The California Science Center's Apollo spacesuit was worn into space by command module pilot Thomas "Ken" Mattingly (on the left in the photo above) on the Apollo 16 mission to the moon in April 1972.
The Apollo spacesuits, also known as extravehicular mobility units (EMUs), were designed to protect astronauts from the main dangers in space: extreme temperatures, depressurization, radiation and micrometeoroids. The spacesuit includes a one-piece undergarment that contains over 300 feet of plastic tubing and serves as a cooling and ventilation system. All suit functions are monitored and regulated from a control board mounted on the chestpack. The suit's backpack provided up to eight hours of oxygen.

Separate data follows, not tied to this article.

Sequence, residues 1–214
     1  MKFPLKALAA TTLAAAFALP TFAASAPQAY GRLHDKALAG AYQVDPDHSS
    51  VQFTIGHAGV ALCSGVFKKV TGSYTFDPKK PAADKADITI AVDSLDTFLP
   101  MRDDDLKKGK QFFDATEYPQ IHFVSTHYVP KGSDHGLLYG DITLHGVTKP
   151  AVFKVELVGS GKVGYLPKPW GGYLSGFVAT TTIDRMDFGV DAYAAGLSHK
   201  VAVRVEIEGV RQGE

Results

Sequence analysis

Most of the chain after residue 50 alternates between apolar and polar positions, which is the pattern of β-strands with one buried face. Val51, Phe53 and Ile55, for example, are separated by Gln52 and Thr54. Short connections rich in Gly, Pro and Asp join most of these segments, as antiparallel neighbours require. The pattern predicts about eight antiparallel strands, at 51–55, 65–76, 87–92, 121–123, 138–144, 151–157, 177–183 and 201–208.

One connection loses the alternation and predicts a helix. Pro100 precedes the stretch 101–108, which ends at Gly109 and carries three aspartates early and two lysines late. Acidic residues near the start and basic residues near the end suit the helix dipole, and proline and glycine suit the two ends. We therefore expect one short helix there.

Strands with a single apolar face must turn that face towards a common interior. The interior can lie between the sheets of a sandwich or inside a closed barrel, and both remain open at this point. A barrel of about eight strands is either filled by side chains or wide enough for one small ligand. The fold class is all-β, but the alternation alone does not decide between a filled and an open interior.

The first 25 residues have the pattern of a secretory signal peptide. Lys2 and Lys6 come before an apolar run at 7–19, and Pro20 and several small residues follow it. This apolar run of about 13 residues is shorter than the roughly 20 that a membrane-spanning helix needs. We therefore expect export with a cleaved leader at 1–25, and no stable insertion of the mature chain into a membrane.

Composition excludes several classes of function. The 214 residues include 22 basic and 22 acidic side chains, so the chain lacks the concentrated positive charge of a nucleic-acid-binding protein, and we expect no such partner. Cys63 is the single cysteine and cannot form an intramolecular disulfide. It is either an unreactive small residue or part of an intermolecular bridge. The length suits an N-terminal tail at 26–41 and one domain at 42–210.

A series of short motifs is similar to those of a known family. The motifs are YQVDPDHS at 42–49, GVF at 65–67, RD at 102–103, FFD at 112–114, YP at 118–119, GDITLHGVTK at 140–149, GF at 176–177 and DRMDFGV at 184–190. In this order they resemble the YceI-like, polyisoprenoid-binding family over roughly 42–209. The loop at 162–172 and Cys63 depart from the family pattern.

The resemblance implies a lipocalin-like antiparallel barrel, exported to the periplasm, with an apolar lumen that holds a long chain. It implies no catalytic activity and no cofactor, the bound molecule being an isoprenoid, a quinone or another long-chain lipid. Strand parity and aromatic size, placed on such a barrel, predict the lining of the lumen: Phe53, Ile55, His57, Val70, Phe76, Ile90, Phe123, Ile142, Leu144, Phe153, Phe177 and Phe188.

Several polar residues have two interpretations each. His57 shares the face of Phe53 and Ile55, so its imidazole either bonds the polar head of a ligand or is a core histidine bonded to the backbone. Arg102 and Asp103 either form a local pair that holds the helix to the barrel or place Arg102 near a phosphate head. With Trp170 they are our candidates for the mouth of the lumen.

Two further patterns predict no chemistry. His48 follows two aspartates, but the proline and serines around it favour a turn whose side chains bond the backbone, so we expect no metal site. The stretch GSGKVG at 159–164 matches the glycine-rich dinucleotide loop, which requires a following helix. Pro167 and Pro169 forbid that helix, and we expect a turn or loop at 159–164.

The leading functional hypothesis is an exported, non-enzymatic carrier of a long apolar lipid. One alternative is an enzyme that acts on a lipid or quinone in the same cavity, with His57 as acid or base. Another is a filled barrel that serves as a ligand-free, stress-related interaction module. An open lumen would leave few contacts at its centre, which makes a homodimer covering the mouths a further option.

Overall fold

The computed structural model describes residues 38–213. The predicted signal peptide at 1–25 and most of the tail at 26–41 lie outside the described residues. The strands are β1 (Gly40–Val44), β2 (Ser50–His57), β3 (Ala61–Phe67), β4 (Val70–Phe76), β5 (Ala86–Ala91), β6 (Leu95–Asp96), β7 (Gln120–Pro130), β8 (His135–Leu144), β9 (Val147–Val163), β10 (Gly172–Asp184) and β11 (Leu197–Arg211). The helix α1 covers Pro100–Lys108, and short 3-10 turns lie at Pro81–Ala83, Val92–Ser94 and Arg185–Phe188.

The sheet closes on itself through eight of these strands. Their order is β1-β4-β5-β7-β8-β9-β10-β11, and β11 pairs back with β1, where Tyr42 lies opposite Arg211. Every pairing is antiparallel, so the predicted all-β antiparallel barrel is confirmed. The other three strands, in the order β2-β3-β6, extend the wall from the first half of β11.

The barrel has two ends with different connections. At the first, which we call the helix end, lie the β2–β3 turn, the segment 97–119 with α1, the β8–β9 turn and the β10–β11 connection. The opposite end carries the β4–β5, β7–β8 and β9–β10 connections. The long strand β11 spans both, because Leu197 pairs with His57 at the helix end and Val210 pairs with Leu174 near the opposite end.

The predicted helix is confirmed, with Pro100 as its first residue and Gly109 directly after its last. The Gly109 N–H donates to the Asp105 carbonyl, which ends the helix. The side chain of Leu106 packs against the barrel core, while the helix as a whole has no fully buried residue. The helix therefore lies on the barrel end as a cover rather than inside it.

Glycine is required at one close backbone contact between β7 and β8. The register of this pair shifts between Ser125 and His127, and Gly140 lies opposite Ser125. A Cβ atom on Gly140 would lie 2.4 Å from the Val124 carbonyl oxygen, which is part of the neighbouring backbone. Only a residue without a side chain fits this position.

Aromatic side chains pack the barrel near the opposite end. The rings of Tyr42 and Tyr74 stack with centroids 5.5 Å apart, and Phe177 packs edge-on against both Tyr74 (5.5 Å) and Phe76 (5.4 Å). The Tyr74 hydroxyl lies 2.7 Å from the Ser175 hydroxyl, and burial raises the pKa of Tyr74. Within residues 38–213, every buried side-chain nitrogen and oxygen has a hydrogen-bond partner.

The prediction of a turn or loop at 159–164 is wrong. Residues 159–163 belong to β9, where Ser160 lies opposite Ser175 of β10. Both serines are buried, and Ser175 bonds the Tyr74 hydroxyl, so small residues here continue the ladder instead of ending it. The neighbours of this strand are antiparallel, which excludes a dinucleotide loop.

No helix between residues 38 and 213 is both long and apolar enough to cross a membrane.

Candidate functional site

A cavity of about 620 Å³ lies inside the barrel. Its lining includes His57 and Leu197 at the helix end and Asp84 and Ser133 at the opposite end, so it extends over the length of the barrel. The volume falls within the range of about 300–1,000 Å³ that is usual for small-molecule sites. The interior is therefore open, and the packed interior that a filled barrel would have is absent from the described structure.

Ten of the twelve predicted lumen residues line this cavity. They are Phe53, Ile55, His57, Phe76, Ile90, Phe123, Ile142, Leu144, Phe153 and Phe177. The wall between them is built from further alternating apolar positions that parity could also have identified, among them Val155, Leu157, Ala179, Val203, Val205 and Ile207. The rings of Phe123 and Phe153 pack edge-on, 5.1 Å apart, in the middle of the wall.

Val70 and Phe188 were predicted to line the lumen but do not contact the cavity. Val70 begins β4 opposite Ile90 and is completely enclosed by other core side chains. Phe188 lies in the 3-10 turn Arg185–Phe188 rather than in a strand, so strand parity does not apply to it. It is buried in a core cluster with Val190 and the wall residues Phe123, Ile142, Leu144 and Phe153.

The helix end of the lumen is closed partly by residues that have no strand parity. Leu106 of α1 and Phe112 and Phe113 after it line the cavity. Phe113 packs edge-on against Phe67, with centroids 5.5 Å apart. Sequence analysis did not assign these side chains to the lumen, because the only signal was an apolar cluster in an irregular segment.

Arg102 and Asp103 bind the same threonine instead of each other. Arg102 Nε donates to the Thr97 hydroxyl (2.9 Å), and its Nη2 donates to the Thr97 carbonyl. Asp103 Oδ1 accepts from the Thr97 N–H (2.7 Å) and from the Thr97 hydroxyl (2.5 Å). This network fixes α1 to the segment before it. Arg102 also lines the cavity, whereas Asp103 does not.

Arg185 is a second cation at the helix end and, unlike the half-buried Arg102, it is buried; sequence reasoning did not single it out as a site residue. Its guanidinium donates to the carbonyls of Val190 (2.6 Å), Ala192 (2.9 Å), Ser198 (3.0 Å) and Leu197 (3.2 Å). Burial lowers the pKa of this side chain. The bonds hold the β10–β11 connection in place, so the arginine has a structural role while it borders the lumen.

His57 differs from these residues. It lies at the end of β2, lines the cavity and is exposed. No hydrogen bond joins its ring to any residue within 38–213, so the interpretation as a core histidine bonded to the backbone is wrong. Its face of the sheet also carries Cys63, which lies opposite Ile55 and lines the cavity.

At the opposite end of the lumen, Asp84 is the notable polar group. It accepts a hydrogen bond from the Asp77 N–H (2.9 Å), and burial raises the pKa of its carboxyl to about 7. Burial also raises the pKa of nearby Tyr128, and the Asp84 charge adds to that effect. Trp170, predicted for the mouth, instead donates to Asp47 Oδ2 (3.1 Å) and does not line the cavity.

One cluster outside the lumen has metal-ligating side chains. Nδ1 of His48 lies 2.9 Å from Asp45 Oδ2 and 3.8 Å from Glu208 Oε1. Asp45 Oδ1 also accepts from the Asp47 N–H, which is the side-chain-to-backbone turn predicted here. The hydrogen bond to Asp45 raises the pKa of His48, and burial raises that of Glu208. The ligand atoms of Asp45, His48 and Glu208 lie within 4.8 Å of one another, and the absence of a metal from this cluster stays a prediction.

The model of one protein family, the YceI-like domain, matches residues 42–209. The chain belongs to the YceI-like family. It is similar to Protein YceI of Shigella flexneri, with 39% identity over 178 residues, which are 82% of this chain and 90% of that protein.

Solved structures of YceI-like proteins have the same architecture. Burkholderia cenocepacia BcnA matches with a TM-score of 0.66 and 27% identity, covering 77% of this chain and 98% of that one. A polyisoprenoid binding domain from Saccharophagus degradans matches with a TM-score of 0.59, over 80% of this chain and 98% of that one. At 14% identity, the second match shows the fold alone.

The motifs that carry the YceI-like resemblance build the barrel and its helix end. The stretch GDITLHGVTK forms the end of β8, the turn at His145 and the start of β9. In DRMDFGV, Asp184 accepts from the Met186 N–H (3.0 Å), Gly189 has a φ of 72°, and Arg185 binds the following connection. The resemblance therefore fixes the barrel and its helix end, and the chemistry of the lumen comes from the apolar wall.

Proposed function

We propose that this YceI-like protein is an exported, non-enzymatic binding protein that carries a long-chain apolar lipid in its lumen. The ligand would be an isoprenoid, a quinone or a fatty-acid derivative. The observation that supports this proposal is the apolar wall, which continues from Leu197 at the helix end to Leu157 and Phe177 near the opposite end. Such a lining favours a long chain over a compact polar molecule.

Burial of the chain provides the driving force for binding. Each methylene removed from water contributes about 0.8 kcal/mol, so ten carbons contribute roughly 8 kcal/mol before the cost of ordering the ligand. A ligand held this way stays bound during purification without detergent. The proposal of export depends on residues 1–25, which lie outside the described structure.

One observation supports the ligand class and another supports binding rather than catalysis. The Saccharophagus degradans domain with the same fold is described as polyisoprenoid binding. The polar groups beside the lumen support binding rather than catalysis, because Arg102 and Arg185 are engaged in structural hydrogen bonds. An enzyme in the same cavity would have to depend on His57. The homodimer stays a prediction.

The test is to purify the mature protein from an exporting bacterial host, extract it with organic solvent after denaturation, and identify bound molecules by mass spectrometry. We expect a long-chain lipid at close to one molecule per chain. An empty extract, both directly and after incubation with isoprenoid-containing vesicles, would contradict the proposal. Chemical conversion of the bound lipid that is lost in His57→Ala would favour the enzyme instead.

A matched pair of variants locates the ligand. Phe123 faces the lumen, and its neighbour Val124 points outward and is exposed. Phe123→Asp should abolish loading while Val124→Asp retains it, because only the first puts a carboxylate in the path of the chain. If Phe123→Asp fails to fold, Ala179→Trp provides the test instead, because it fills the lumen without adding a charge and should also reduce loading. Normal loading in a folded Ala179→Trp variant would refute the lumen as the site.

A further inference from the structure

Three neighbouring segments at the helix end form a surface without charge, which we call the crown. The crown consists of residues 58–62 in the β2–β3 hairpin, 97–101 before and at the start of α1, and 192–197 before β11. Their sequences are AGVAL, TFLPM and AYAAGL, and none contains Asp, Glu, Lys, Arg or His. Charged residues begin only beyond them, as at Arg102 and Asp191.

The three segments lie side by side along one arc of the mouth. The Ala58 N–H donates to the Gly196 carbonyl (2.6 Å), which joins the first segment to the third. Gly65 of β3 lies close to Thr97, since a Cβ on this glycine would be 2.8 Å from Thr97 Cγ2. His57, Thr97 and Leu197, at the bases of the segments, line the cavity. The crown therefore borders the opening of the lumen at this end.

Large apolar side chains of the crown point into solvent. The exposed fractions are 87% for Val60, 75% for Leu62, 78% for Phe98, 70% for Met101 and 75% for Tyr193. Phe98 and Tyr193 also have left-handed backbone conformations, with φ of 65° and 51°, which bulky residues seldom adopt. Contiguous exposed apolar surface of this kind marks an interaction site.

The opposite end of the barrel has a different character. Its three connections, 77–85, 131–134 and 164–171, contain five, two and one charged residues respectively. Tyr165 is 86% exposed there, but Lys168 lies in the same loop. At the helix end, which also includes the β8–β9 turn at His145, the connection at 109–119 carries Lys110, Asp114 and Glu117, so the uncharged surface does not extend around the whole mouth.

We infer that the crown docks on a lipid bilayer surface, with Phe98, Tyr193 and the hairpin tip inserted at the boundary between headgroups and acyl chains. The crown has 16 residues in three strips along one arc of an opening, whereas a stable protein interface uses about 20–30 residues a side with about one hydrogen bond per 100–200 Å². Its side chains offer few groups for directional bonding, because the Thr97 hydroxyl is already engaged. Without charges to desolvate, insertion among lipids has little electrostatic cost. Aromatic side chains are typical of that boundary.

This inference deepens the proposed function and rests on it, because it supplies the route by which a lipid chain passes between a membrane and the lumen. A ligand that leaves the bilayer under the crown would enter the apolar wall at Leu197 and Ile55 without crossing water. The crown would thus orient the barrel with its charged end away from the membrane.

The Science Center's Apollo Spacesuit
Thomas K. Mattingly II, command module pilot on the Apollo 16 mission in April 1972, wore this suit on a spacewalk to collect film from outside the spacecraft. Other members of the Apollo 16 crew included John W. Young (commander) and Charles M. Duke, Jr. (lunar module pilot). The suit is on loan from the National Air and Space Museum, Smithsonian Institution.